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U.S. tourists to Israel advised to dress modestly

February 23, 2012

JERUSALEM

The U.S. State Department is advising visitors to Jerusalem to dress modestly when visiting certain neighborhoods, or to avoid the areas entirely, in hopes of not provoking local sensitivities.

The State Department guidance did not specify which neighborhoods are considered problematic, or what, exactly, constitutes “modest” attire.

The Jerusalem advisory, updated on Jan. 10, says travelers “should exercise caution at religious sites on holy days, Fridays, Saturdays, and Sundays” and “dress appropriately” when visiting ultra-Orthodox Jewish neighborhoods and the Old City of Jerusalem, where religious Jews, Muslims and Christians live in distinct quarters. 

The warning notes that most roads into ultra-Orthodox Jewish neighborhoods are blocked off on Friday nights, Saturdays, and Jewish holidays, and that “assaults on secular visitors, either for being in cars or for being 'immodestly dressed' have occurred in these neighborhoods.”

The advisory was added to the State Department’s website for travel to Israel, the West Bank and Gaza. It comes in the wake of many recent incidents in which ultra-Orthodox Jewish extremists physically or verbally attacked women they said were dressed immodestly.

Ultra-Orthodox Jewish women cover up everything except their faces, necks and hands.

In Beit Shemesh, a city between Jerusalem and Tel Aviv, extremists have attacked religious schoolgirls on their way to school, deeming them not religious enough.   

For years, ultra-Orthodox Jews have also stoned cars driving in or near their neighborhoods on the Sabbath or holidays.

  1. Shame on your church's website. It doesn't surprise me that you have posted this article. Your church's views are so slanted and anti- Semitic that you seem to be thrilled to post something like this bogus editorial. Are you jumping for joy, hoping no one visits the only democracy in the Middle East? How much stock have you divested? Are you sending donations directly to Hamas? In searching on Google, I could not find some of the things that you write. Obviously your article is an editorial, and should be indicated as such. Here is what the U.S. Government actually posts: Jerusalem The Department of State urges U.S. citizens to remain vigilant while traveling throughout Jerusalem, including in commercial and downtown areas of West Jerusalem. Spontaneous or planned protests within the Old City are possible, especially after Friday prayers. Some of these protests have led to violent clashes. Travelers should exercise caution at religious sites on holy days, Fridays, Saturdays, and Sundays. Isolated street protests and demonstrations can also occur in areas of East Jerusalem, including around Salah Ed-Din Street, Damascus Gate, Silwan and the Sheikh Jarrah neighborhood. U.S. Government employees are authorized to visit the Old City from 5:00 a.m. to 10:00 p.m., but not between 11:00 a.m. and 2:00 p.m. on Fridays. The area of the ramparts on the city wall between Herod’s Gate and Lion’s Gate is off-limits to U.S. Government personnel at all times. The Sherover or Haas Promenade (scenic overlook) located in Armon Hanatziv is open to U.S. Government personnel during daylight hours only. Official personnel and their family members are prohibited from using public buses and bus terminals or stations.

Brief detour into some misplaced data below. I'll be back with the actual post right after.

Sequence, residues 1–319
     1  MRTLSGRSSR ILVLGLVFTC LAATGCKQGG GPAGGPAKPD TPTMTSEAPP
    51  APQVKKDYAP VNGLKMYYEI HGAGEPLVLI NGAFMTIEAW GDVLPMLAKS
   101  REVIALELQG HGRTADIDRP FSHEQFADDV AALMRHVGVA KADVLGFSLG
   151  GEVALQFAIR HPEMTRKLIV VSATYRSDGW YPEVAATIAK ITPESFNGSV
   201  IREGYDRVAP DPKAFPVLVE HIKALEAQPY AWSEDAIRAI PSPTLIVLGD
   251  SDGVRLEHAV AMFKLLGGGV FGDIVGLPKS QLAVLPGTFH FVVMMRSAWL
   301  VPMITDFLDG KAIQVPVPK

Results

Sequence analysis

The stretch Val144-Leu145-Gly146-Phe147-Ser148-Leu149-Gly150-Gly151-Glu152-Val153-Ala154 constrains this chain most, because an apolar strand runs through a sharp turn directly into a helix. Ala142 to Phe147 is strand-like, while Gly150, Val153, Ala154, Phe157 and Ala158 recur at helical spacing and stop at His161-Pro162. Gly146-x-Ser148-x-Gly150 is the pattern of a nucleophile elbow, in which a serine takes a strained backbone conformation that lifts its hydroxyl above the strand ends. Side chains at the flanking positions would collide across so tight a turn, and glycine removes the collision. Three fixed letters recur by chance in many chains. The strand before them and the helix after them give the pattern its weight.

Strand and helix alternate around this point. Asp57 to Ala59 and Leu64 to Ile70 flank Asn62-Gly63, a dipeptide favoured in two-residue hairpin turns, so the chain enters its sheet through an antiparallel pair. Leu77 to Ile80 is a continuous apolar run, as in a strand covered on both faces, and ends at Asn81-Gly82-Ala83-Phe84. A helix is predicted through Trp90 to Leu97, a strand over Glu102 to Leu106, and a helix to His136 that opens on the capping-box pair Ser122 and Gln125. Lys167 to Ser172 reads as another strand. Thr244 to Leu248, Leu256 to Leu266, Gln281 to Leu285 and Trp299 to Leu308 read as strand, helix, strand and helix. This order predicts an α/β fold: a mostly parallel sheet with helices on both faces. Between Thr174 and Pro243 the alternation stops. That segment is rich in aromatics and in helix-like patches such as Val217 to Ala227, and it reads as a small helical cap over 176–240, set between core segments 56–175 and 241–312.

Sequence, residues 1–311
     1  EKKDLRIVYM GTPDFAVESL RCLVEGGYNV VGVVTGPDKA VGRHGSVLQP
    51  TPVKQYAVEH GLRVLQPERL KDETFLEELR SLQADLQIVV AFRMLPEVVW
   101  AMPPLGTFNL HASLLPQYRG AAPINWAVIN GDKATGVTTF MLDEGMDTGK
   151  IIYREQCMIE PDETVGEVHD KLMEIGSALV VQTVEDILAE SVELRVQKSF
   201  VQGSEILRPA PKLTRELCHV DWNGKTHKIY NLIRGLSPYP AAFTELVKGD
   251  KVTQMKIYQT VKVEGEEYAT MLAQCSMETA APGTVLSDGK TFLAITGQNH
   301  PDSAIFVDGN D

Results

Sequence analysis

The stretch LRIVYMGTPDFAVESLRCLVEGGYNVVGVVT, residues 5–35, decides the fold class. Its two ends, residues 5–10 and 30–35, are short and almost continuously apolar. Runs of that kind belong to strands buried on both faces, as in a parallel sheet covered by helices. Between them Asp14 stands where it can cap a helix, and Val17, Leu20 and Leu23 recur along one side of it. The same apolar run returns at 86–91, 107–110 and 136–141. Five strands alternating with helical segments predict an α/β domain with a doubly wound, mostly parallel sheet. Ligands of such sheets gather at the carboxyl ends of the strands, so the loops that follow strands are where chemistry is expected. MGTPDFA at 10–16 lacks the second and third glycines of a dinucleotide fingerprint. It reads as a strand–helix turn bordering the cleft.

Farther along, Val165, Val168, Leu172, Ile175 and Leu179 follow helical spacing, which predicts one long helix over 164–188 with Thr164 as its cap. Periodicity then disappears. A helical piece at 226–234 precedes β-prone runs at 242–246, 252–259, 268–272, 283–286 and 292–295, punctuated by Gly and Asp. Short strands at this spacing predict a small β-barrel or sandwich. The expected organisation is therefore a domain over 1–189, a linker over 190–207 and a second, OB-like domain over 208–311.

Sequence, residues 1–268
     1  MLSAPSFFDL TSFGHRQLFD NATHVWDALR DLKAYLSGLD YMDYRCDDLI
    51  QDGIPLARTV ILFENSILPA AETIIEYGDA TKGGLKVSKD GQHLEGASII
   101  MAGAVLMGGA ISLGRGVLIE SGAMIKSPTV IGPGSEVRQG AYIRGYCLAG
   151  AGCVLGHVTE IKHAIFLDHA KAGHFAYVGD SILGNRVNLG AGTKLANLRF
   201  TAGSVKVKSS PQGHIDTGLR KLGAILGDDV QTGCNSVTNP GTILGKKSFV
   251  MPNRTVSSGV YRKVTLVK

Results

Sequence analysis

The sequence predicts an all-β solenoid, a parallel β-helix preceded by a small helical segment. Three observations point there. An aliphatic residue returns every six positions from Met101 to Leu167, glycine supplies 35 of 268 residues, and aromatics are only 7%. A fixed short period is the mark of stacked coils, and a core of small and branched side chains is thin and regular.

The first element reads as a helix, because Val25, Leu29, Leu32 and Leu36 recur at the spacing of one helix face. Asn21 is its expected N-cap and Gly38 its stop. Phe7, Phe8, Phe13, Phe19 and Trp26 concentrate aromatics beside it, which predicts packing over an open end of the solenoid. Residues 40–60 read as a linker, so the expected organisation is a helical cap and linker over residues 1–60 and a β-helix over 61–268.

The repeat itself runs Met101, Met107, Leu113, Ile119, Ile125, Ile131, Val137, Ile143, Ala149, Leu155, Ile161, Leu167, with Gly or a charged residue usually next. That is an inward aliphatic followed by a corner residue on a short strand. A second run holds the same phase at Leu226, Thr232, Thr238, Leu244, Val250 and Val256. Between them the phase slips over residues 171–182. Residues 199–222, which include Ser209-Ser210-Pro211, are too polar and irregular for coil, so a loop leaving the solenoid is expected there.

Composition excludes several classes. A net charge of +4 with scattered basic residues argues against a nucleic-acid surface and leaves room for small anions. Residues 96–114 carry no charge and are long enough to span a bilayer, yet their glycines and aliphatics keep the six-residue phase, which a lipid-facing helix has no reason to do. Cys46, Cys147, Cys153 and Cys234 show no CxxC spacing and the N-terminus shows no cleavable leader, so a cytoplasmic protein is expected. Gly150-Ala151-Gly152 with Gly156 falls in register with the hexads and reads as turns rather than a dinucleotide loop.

by steven bell

    February 23, 2012

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